Absorbance changes of calf thymus DNA at 210 (diamond) and 260 nm (square) upon FIMA binding. The reaction was carried out in 10 mM Tris-HCl (pH=7.4) and incubation time was 45 min. Results are average of 3 individual experiments.

FIMA causes hypochromisity in the DNA fluorescence profile

The florescence emission spectra obtained from the interaction of FIMA with calf thymus DNA is also shown in figure 2. DNA, in the absence of FIMA exhibit emission spectrum with a maximum intensity at 375 nm. Addition of FIMA to the DNA solution reduces the fluorescence intensity of the DNA without any red shift in the emission maxima (Imax) as FIMA concentration is increased. The reduction in fluorescence emission of DNA is due to quenching of its functional groups. It is important to note that the fluorescence results presented here are very similar to those previously reported for daunomycin and idarubicin as anthracycline drugs. They also induced reduction of fluorescence emission intensity upon binding to DNA 1414 Rabbani-Chadegani A, Keyvani-Ghamsari S, Zarkar N. Spectroscopic studies of dactinomycin and vinorelbine binding to deoxyribonucleic acid and chromatin. Spectrochim Acta A Mol Biomol Spectrosc. 2011; 84(1): 62-7.,1616 Ozluer C, Kara HE. In vitro DNA binding studies of anticancer drug idarubicin using spectroscopic techniques. J Photochem Photobiol B. 2014; 138: 36-42..

Figure 2:
Fluorescence emission spectra of calf thymus DNA in the presence and absence of various concentrations of FIMA. All samples were prepared in10 mM Tris-HCl (pH=7.4). Excitation was at 370 nm. Spectra 1-3 are 0, 50 and 100 μg/ml of FIMA respectively.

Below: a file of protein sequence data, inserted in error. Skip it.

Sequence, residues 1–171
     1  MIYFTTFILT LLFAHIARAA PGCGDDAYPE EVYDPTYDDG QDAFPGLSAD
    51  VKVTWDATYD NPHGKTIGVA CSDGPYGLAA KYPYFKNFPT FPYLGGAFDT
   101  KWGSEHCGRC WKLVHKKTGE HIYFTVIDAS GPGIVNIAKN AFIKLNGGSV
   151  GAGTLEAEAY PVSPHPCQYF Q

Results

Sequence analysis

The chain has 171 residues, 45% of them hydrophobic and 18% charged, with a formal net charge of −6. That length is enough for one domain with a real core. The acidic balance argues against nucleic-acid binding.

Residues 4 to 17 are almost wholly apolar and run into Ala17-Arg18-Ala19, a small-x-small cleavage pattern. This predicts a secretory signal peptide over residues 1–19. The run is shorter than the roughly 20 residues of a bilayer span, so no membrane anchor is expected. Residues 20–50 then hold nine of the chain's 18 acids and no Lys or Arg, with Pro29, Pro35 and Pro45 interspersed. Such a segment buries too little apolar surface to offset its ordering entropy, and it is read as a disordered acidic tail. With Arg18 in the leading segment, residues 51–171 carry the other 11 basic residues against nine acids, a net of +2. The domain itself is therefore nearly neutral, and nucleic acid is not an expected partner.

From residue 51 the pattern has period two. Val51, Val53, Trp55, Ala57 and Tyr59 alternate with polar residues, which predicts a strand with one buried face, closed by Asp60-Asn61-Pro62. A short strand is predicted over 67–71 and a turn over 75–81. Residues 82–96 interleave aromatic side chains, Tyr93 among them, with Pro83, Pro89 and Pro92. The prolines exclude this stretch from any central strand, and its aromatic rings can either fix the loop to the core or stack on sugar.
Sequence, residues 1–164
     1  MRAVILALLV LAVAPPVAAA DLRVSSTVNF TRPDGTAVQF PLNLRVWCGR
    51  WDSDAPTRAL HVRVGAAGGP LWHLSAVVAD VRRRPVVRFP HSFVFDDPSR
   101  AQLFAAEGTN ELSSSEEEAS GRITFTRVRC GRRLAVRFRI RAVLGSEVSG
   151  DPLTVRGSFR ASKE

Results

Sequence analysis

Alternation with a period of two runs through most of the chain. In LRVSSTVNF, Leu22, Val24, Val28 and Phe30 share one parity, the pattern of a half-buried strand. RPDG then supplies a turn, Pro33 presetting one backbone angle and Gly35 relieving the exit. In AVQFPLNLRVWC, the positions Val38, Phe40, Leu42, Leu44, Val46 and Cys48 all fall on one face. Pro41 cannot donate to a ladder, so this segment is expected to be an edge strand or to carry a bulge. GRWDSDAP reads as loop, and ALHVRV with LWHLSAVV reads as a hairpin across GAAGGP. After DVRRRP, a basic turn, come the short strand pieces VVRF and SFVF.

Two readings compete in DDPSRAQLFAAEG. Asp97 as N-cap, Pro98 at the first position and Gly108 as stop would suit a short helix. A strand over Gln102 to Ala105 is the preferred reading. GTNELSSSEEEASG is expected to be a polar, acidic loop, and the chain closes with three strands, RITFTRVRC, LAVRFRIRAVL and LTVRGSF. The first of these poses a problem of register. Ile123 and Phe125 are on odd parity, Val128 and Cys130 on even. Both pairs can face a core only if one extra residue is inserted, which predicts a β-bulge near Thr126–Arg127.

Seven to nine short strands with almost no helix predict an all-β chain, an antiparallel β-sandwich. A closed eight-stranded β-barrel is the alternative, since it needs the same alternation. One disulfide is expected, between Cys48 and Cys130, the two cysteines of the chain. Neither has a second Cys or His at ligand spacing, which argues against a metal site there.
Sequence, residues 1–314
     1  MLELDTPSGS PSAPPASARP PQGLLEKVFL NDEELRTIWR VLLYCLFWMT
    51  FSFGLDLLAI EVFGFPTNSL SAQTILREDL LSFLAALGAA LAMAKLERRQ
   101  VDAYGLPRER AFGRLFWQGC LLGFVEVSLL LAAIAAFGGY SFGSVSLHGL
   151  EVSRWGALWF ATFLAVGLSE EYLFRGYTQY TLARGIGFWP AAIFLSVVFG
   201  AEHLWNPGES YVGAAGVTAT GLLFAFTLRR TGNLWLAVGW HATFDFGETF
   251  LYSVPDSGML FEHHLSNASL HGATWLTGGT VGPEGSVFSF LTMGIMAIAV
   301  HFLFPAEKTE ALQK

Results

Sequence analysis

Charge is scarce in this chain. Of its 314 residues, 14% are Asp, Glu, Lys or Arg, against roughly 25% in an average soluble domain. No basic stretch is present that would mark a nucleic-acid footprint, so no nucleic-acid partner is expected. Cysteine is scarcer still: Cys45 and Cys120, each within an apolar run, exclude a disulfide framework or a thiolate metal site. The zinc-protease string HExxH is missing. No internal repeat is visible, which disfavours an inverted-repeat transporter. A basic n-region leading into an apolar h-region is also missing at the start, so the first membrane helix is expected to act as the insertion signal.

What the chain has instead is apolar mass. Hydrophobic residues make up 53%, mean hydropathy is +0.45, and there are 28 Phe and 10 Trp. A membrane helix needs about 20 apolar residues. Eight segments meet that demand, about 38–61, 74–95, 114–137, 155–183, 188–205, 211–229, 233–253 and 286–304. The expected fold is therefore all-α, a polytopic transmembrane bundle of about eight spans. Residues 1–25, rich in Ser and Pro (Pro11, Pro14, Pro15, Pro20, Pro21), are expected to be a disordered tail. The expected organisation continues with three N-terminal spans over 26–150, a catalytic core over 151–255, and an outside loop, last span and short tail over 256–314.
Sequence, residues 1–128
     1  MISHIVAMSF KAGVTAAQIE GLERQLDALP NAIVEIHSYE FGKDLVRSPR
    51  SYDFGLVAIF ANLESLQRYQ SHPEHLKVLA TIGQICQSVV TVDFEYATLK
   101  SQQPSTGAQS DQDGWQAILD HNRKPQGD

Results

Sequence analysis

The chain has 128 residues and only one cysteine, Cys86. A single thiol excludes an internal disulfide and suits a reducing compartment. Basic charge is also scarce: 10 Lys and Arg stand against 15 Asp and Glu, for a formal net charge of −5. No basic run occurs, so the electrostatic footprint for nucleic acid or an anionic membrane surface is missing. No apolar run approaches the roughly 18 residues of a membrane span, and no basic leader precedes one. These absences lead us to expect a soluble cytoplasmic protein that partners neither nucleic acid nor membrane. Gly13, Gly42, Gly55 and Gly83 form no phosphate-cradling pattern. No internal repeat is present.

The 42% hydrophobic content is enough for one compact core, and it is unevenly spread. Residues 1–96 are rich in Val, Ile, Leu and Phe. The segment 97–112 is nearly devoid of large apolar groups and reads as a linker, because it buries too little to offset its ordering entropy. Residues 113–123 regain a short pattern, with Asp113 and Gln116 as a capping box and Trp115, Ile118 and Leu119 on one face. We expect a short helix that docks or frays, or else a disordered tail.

FIMA causes DNA conformational changes

To obtain further information about the binding of FIMA to DNA, we compared the CD spectrum of DNA in the presence and absence of FIMA. As shown in figure 3, DNA displays a CD spectrum with negative and positive extremes at 245 and 275 nm respectively. FIMA treatment caused a gradual decrease in the intensity of the peaks, which implies the conformational changes of DNA upon FIMA binding. These results are in agreement with CD reports for anthracycline drugs; they alter the structure of DNA too 1414 Rabbani-Chadegani A, Keyvani-Ghamsari S, Zarkar N. Spectroscopic studies of dactinomycin and vinorelbine binding to deoxyribonucleic acid and chromatin. Spectrochim Acta A Mol Biomol Spectrosc. 2011; 84(1): 62-7..

Figure 3:
Far UV CD spectra of DNA in10 mM Tris-HCl (pH=7.4) in the absence and presence of FIMA. 1-3 are 0, 50 and 100 μg/ml of FIMA respectively.

FIMA treatment increases the life span of cancerous mice

In this study, we measured the size of tumor in two groups (control and treated mice) until the tumor volumes exceeded 1000 mm as described in material and methods section. As it can be seen from figure 4, the size of tumor in two groups is increased, so in the ninth day, the tumor volume average in the control and in the treated group were 925 mm33 Sohn HY, Son KH, Kwon CS, Kwon GS, Kang SS. Antimicrobial and cytotoxic activity of 18 prenylated flavonoids isolated from medicinal plants: Morus alba L., Morus mongolica Schneider, Broussnetia papyrifera (L.) Vent, Sophora flavescens Ait and Echinosophora koreensis Nakai. Phytomedicine. 2004; 11(7-8): 666-72. and 753 mm33 Sohn HY, Son KH, Kwon CS, Kwon GS, Kang SS. Antimicrobial and cytotoxic activity of 18 prenylated flavonoids isolated from medicinal plants: Morus alba L., Morus mongolica Schneider, Broussnetia papyrifera (L.) Vent, Sophora flavescens Ait and Echinosophora koreensis Nakai. Phytomedicine. 2004; 11(7-8): 666-72. respectively. Of course the growth of tumors in the mice continued after ninth day. The data shows that FIMA treatment does not stop or slow down tumor growth because mean volume tumor in 2 groups did not show any meaningful differences; the calculated p value was also greater than 0.05.

Figure 4:
Comparison of the mean tumor volume in treatment and control groups. Each group consists of 5 mice.